Figure 7: Isosurface plots (yellow) of the electron wavefunction squares for the bottom of conduction band (a), and top of oxygen-induced band (b). The small grey dots are Zn atoms, the blue dots are Te atoms, and the red dots are oxygen atoms. scaling of the total computational cost relative to the size of the physical problem, and the parallel scaling of the computation to very large numbers of processor cores. Unlike some other recent Gordon Bell prize papers, our paper represents not merely an adaptation and improvement of an existing code to a newly available large computer system. Instead, we have designed a new algorithm to solve an existing physical problem with petascale computation in mind from the beginning. One of our test computations achieved fully converged results for the m1 ×m2 ×m3 = 8×6×9 ZnTeO system. This physical system has 3,456 atoms, and requires 60 self-consistent iterations (the outer loop in Figure 2) to achieve full convergence. Using 17,280 cores, the run required one minute for each iteration, and thus one hour for the complete calculation. The sustained performance of this run, as measured by the CrayPat performance tool, was 35.1 Tflop/s (these are 64-bit floating-point operations). In another test computation, namely a 13,8240-atom ZnTeO alloy calculation, our code ran roughly 400 times faster than would be possible with any of the other planewave research codes currently in use, mostly because of the linearly scaling algorithm of our method, as compared with the O(N 3 ) algorithms of most other methods. Our code is the first variationally accurate linearly scaling ab initio electronic structure code which has been efficiently parallelized to tens of thousands of processors.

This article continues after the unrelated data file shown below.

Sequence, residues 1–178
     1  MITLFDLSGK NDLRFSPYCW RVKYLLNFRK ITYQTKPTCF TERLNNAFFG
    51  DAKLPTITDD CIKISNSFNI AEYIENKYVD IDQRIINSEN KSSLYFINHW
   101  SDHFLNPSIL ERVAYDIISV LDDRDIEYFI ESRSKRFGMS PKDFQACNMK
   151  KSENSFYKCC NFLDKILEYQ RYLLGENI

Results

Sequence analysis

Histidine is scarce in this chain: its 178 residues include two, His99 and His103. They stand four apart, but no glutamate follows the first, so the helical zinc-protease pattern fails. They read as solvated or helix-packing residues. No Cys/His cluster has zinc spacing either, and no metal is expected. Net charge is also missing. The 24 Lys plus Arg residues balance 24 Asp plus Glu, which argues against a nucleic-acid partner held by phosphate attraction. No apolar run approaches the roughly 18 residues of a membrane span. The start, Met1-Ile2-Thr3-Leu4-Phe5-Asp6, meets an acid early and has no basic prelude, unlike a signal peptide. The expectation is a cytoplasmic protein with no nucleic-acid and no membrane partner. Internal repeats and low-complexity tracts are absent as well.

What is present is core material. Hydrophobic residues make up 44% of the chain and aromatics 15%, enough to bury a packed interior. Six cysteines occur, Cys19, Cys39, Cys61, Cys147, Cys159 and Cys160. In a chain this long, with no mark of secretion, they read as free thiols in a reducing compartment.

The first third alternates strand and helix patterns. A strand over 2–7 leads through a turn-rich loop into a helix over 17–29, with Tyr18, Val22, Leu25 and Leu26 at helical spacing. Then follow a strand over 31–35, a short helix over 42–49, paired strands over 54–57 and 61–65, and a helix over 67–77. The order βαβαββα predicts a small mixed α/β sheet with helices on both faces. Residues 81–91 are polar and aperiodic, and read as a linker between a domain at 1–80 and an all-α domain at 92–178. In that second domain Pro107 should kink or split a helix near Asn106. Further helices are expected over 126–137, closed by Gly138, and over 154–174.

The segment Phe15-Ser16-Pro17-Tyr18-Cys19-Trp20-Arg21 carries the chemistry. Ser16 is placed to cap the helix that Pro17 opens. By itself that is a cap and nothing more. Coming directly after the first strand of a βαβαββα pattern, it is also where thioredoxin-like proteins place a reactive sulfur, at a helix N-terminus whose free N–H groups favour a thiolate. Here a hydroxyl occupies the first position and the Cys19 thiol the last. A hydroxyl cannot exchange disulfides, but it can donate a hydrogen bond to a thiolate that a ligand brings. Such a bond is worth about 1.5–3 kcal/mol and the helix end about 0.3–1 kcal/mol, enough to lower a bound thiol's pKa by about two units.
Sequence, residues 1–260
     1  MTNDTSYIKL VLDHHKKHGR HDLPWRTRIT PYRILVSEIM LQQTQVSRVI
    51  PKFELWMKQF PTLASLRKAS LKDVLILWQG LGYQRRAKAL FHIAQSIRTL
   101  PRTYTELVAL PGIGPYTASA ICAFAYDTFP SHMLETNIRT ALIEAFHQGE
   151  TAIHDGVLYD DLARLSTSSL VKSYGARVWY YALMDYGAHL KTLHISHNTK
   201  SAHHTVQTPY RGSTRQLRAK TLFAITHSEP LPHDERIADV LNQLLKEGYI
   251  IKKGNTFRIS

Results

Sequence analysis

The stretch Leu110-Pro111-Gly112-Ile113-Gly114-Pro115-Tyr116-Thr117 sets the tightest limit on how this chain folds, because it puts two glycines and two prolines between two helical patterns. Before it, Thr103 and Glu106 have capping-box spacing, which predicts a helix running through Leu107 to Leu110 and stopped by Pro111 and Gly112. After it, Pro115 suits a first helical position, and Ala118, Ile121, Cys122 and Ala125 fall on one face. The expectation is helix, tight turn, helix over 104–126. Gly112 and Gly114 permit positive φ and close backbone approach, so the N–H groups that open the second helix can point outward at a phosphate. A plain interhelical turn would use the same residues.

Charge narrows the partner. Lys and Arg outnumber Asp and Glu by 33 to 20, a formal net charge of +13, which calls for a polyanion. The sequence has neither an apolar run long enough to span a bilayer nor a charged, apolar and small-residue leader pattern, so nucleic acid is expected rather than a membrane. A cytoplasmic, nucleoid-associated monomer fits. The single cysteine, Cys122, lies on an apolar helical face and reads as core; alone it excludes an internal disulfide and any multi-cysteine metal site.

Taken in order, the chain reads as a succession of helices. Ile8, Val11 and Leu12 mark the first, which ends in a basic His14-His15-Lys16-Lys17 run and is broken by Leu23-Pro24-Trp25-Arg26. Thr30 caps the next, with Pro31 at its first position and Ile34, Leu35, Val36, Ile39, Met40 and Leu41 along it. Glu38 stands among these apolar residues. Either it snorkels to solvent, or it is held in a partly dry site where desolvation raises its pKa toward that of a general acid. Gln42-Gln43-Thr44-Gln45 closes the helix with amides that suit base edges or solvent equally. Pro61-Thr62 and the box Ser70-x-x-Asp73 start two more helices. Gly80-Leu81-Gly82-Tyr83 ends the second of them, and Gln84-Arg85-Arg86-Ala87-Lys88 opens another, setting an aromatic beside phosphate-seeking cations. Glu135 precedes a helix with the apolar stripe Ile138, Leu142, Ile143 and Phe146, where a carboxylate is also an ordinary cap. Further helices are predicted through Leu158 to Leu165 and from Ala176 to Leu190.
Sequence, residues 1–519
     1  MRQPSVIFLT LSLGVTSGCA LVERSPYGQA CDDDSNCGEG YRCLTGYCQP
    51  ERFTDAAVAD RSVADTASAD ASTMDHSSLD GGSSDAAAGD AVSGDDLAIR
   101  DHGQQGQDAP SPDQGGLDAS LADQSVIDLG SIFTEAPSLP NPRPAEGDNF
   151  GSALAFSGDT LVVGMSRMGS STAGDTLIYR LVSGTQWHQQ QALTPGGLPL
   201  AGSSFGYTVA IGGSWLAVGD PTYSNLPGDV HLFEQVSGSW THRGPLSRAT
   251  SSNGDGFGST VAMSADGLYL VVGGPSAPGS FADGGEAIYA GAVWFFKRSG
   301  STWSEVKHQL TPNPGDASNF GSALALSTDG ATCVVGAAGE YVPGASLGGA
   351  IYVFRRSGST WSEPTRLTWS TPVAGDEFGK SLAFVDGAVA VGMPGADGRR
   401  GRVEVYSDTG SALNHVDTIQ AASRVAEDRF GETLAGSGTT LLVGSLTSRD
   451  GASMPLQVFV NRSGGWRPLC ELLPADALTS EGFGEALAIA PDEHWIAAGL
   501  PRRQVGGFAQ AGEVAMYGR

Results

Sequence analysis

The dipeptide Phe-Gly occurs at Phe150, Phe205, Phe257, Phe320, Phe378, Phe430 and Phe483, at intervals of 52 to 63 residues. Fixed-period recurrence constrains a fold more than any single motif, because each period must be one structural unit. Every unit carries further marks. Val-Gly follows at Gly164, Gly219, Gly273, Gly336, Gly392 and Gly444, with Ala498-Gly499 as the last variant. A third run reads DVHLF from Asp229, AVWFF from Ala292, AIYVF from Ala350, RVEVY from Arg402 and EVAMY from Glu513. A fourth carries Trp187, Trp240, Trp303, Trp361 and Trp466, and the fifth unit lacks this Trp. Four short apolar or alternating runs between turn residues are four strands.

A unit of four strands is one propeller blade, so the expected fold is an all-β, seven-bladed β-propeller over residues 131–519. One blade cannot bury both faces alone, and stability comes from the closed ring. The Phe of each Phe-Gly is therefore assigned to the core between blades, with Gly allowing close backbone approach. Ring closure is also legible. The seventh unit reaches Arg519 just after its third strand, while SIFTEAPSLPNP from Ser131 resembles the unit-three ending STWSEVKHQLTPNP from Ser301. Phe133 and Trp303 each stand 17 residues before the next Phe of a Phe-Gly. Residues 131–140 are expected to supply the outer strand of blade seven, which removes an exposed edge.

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Our simulation yielded substantive scientific results. First, we found that there is a 0.2 eV band gap between the ZnTe conduction band and the oxygen induced band, implying that this alloy can be used for solar cell application. Secondly, we found that the oxygen induced states form a very broad band (0.7 eV) inside the band gap of ZnTe. As a result, our simulations predict that the theoretical maximum efficiency of solar cells made from this alloy will most likely be lower than the 63% figure estimated based on a narrow mid-band-gap. Also, as shown in Fig. 7(b), the oxygen induced states can cluster among a few oxygen atoms. Such clustering will have an impact on the mobility of the electrons in those states. Lastly, based on our performance analysis, we believe our current code can scale up to 100,000 cores with a performance rate beyond 100 TFlop/s. We plan to carry out these tests on the quad-core Cray XT4 Jaguar machine in NCCS and the IBM BlueGen/P Intrepid machine at the ALCF in the next few months as soon as the facilities become generally available. Acknowledgements This work was supported by the Director, Office of Science, Basic Energy Sciences, and Division of Material Science, and the Advanced Scientific Computing Research Office, of the U.S. Department of Energy under Contract No. DE-AC02-05CH11231. It used the resources at the National Energy Research Scientific Computing Center (NERSC) at LBNL, and National Center for Computational Sciences (NCCS).